Lending Lunacy: An American Tradition


By James Grant

Farrar Straus Giroux -- 513pp -- $27.50

Just weeks ago, tottering Olympia & York Developments Ltd. was dickering with its lenders for more lenient terms on the $12 billion or so it owed. The bankers--from Citicorp and many other top commercial banks--balked, in large part because the real estate giant refused to fully open its books. At the same time, the lenders feared the bankruptcy filing that happened on May 14, as they were unsure of what collateral they could claim for their existing loans.

Think about it. Here's a borrower that probably owes more than the gross national product of many small countries, and the lenders don't know what the borrower's balance sheet looks like? How could it happen? The quick but rather unsatisfying answer is that bankers are fools. The more complete explanation can be found in James Grant's Money of the Mind: Borrowing and Lending in America From the Civil War to Michael Milken.

This isn't just another in the long line of books bemoaning the indulgences of the 1980s. Grant, editor of Grant's Interest Rate Observer, believes that the recklessness of that decade was not aberrant behavior but part of a tradition hailing back a century or more. In historical context, the foibles of O&Y's lenders are understandable and predictable.

Grant explains overlending as a manifestation of periodic bull markets in credit, which seem to get a little more manic with every cycle. Credit, he notes, is "money of the mind"--just a promise to pay. And during a bull market in credit (the recent "credit crunch" is a bear market), loans become ever easier to get, and borrowers take them for ever more speculative purposes. "Expecting to get a loan on easy terms, people may change their behavior," Grant writes. "They may spend more, or pay a higher price, than they would otherwise do."

Grant documents how each generation of lenders trips itself up. In the 1970s, for instance, Citicorp Chairman Walter B. Wriston, asserting that countries don't go bankrupt, proceeded to lend billions to deadbeat borrowers in the Third World. So did other big banks. Never mind that Brazil and Peru had each defaulted three times before.

In a discussion of the 1970 collapse of Penn Central Transportation Co., Grant observes that "progress in financial affairs is cyclical, not cumulative. Putting a man on the moon, scientists had stood on the shoulders of giants. Overlending to Penn Central, bankers had recreated the errors of their fathers."

But it's not just bankers who have short memories. Investors burned by junk bonds learned no lessons from the historical debacles involving other so-called high-yield bonds. In the late 1800s, investors bought 100-year bonds of railroads that went bust long before they matured. A period remembered for stock market excesses, the 1920s were also a high time of high-yield foreign-government and real estate bonds. Then came the Depression, many foreign borrowers could not pay their debts, and the real estate market collapsed, too.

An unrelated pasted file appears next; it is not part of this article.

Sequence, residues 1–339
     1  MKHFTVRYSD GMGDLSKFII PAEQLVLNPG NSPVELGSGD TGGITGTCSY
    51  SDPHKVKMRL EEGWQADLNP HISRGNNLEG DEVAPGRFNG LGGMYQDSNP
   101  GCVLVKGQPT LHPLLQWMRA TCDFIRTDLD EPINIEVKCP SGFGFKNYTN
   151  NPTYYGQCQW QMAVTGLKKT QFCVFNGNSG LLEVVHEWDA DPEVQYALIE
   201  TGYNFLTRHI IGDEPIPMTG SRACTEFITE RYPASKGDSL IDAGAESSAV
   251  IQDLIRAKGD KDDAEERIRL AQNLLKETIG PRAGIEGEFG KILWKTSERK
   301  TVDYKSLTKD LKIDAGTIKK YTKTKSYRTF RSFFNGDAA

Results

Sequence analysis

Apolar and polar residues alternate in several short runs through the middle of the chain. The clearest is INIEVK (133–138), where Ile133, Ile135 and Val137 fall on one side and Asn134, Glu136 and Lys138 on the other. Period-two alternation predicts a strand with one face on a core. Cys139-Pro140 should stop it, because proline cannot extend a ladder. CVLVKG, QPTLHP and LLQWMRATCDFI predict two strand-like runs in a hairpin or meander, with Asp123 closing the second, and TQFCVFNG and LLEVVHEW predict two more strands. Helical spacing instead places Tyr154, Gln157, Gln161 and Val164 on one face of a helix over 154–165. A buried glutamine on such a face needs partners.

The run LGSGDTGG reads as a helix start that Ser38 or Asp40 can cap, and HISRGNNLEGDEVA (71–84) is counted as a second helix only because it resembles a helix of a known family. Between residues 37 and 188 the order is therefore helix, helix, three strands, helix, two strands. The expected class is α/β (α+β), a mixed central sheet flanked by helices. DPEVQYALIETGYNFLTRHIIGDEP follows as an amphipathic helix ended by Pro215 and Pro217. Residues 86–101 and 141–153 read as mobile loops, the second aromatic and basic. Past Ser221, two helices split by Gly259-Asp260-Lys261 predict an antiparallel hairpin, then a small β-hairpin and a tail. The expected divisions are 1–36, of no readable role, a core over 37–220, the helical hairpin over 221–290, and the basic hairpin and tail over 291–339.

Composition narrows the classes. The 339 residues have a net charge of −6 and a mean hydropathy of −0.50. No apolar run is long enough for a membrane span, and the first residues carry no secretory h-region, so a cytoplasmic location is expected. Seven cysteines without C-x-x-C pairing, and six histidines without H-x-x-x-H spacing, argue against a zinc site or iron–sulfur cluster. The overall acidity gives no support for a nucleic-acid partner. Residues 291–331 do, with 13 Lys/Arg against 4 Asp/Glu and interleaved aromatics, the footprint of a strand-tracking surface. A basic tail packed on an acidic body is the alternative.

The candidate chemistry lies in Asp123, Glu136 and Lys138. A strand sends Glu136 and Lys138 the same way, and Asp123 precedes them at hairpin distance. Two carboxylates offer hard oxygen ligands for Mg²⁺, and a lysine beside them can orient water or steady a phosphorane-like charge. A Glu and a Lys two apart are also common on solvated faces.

Of course, lenders and borrowers don't make billion-dollar blunders all by themselves. Indeed, the government initially urged banks to get into consumer lending to fight loan sharks, for many years the worker's only source of credit. But the "democratization of credit" has gone too far, Grant argues, when anyone can get a credit card, vanquish debts in a bankruptcy proceeding, and, without any social stigma, run up debts anew.

Grant also believes that the "socialization of risk" by government has led lenders to lunacy. He makes the argument, often heard in recent years, that federal deposit insurance was a grievous mistake that made depositors indifferent to banks' financial health. If bankers made bad loans, so what? The government would pay off the depositors.

As readers of his fortnightly newsletter know, Grant has been pounding these themes for years. Unlike many lenders and bond buyers, he spent the 1980s poring through financial statements and crunching numbers and wrote incisive analyses of credit issues in his newsletter and occasional op-ed pieces. Although junk-bond devotees paid little heed, the financial press--and some of the more sober sorts on Wall Street--took note of his work, which was not only readable but amusing.

Money of the Mind, however, is not entertaining. It's so painstakingly researched and meticulously documented that the reader can almost smell the musty archives Grant scoured. With that much detail, it's often difficult to read. Only in the chapters covering recent times does the pace pick up. Readers might do best to absorb each chapter like the newsletter--one every couple of weeks--rather than tackle the book cover to cover.

What's more bothersome is that Grant takes Shakespeare's admonition, "Neither a borrower, nor a lender be," too much to heart. His heroes are bankers who were loath to lend. And he finds little about consumer credit he likes. But how much would the economy have grown without access to home mortgages, auto loans, even credit cards? There's nothing wrong with credit--as long as it's granted with a clear head and sober expectations.

That quibble aside, the book is worthy and should be required reading for bankers and bond investors. Who knows? Had Money of the Mind been available to O&Y's lenders a few years ago, they might have demanded to see a financial statement before they lent out billions.

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